The company has 18 plants and operating locations in the US, Canada, and Mexico as well as plants and labs in the UK, China, and Indonesia. Making refractory products is complicated and challenging. They also have 20 sourcing locations across North America from which they can ship make to stock products. The majority of make the stock items are tied to just-in-time or other supply chain value-added service program with their customers. HarbisonWalker has over 1300 employees.
HWI offers same day or next day delivery. A Value-Added Service (VAS) team can provide on-site management, installation, equipment, inventory management (just-in-time deliveries), heating solutions, and testing. The company also has a preferred network of independent contractor/installers who can provide refractory construction and maintenance services. Regional partners provide services out of more than 100 locations. In short, it is not a simple channel structure.
The company has products produced in both make to order and make to stock processes. The sourcing centers are key to just-in-time, same-day, next-day deliveries. The majority of make to stock items are tied to some sort of special just-in-time or supply chain program with their customers. The sourcing centers shipped over 130,000,000 pounds of product last year.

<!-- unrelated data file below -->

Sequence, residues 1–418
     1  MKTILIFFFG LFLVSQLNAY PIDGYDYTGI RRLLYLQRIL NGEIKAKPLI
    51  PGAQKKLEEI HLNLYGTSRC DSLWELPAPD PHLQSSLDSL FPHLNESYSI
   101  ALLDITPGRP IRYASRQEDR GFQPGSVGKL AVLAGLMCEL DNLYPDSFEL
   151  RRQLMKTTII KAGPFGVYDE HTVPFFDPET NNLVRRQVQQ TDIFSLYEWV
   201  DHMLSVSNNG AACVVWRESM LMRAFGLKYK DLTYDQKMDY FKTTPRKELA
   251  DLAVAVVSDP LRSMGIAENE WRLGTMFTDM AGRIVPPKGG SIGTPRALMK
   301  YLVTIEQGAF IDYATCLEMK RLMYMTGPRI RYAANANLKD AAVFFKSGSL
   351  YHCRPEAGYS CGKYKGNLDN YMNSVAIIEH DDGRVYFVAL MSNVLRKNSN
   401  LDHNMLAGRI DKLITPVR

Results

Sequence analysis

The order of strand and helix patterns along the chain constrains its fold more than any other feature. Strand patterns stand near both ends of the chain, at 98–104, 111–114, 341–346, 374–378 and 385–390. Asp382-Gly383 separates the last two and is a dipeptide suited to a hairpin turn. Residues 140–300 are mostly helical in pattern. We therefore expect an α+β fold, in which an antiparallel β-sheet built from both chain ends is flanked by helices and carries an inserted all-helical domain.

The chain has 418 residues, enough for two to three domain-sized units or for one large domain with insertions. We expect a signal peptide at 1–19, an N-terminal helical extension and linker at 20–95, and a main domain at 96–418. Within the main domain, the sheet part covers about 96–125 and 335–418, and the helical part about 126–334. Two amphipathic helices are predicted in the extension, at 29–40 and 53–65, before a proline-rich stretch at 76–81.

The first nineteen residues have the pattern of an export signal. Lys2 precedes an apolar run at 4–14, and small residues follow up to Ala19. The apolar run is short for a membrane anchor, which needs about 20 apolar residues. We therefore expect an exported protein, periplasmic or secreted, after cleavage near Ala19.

The company needs a very complete product line. They have tens of thousands of items they produce but there are a small number of products they purchase through a global sourcing program. Additionally, the company’s goal is a best-in-class focus on safety and quality, while optimizing inventory and cost.
The Supply Chain Was a Key Driver of the Digital Transformation
HWI has a broad product line, quick deliveries, and value-added services. HWI’s goal is to be the first and only call for their customers that need refractory products. Additionally, the company’s goal is a best-in-class focus on safety and quality, while optimizing inventory and cost. In short, strengthening service excellence and product breadth without being burdened with high inventory levels was a key pillar of the transformation.